Special iSSue: Guinea-Bissau Today
From the Margins of the State to the
Presidential Palace: The Balanta Case
Marina Padrão Temudo
abstract: Balanta farmers of Guinea-Bissau are often regarded by neighboring
communities as “backward” and as a people who have refused modern life-worlds.
Despite the fact that these farmers played a very important role in the making of
Guinea-Bissau, they were progressively removed from power after independence.
However, they also developed original forms of contesting marginality. This article
portrays the Balanta as complex historical subjects with strategic agendas. It exam-
ines the tensions between centrality and marginality in today’s Guinea-Bissau and in
the Balanta’s own ways of imagining their place in the nation.
Victims and Raiders
The classic historiography of the Upper Guinea Coast (e.g., Rodney 1970)
presented a precolonial situation in which ethnic groups with a hierarchi-
cal social organization (mainly the Fulbe and the Mandinka) were opposed
to decentralized or “stateless” groups (e.g., the Balanta); the former were
considered as actively engaged in the slave trade and the latter as passive
victims and a reservoir of slaves. This historical model is being challenged
today by authors who offer a much more complex model in which all groups
have their part in the making of this Atlantic region (Brooks 1993; Fields
2001; Sarró 2008).
African Studies Review, Volume 52, Number 2 (September 2009), pp. 47–67
Marina padrão Temudo is a senior research fellow at the Tropical Research In-
stitute (IICT) in Lisbon, Portugal. She has conducted extensive field research
in Guinea-Bissau, Cape Verde, Mozambique, S. Tomé and Príncipe, and the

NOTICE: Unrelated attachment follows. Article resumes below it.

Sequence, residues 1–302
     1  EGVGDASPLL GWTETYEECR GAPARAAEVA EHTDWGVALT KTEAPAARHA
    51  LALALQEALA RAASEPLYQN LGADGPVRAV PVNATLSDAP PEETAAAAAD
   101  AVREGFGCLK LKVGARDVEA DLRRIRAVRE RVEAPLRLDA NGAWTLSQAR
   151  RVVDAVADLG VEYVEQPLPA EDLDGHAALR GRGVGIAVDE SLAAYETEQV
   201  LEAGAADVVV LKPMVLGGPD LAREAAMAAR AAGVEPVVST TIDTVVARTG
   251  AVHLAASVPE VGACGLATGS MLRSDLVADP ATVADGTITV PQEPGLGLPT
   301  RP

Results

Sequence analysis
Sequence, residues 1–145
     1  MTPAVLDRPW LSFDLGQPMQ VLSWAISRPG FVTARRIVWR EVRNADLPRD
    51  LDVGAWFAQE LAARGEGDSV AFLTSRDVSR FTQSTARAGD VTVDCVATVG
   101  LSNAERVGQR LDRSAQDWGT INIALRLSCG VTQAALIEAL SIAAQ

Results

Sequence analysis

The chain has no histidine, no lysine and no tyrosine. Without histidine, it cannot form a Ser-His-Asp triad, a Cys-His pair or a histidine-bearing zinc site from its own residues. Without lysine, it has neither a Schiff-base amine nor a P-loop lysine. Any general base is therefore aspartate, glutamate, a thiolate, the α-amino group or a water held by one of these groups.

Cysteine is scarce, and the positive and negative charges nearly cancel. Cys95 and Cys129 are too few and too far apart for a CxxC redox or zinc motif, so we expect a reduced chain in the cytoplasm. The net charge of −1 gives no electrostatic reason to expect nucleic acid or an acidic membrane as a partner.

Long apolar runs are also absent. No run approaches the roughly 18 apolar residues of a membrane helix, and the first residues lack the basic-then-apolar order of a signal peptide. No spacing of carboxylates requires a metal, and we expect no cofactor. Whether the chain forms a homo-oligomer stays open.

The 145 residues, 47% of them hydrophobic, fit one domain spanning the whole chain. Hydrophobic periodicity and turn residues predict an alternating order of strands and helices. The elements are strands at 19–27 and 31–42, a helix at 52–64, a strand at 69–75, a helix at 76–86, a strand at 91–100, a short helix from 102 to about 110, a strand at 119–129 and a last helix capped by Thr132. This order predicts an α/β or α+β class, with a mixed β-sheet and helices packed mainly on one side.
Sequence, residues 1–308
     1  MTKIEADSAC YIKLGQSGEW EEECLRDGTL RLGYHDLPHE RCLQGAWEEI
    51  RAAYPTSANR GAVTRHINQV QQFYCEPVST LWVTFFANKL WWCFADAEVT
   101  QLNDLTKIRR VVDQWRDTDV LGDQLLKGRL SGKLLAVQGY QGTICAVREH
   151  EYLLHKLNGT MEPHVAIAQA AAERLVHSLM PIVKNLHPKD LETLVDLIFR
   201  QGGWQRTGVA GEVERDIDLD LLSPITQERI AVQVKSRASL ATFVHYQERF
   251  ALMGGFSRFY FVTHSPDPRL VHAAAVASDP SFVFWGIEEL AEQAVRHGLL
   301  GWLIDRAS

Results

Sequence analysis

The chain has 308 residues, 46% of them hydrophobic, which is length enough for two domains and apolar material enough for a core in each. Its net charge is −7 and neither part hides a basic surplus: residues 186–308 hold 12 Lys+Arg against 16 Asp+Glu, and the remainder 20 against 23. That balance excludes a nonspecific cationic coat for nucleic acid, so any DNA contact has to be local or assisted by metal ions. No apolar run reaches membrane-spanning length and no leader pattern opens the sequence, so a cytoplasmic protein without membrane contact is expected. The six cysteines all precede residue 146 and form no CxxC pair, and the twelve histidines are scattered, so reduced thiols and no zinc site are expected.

Republic of Guinea. She has published articles on the impact of rural devel-
opment interventions, NGOs, and natural resources management, the effect
of war on rural societies, and the way agrarian tensions have fed conflicts.
48 African Studies Review
Hawthorne (2001, 2003) is one of the major critics of the “predator”
model that opposed centralized “slave-raiders” to decentralized “slave-reser-
voir” societies. He also challenges general ideas that present the slave trade
not only as giving rise to the depopulation of whole regions but also to
the feminization of agricultural work (2003:14). His book Planting Rice and
Harvesting Slaves (2003) focuses on Balanta rice farmers (Guinea-Bissau’s
largest ethnic group, constituting one-quarter of the country’s population)
and the way they strived in “the slaving frontier” of the Mande and Fulbe
states by changing their social, political, and economic structures.1 The Bal-
anta were able to defend themselves by settling in fortified compact villag-
es in isolated and difficult-to-reach mangrove habitats that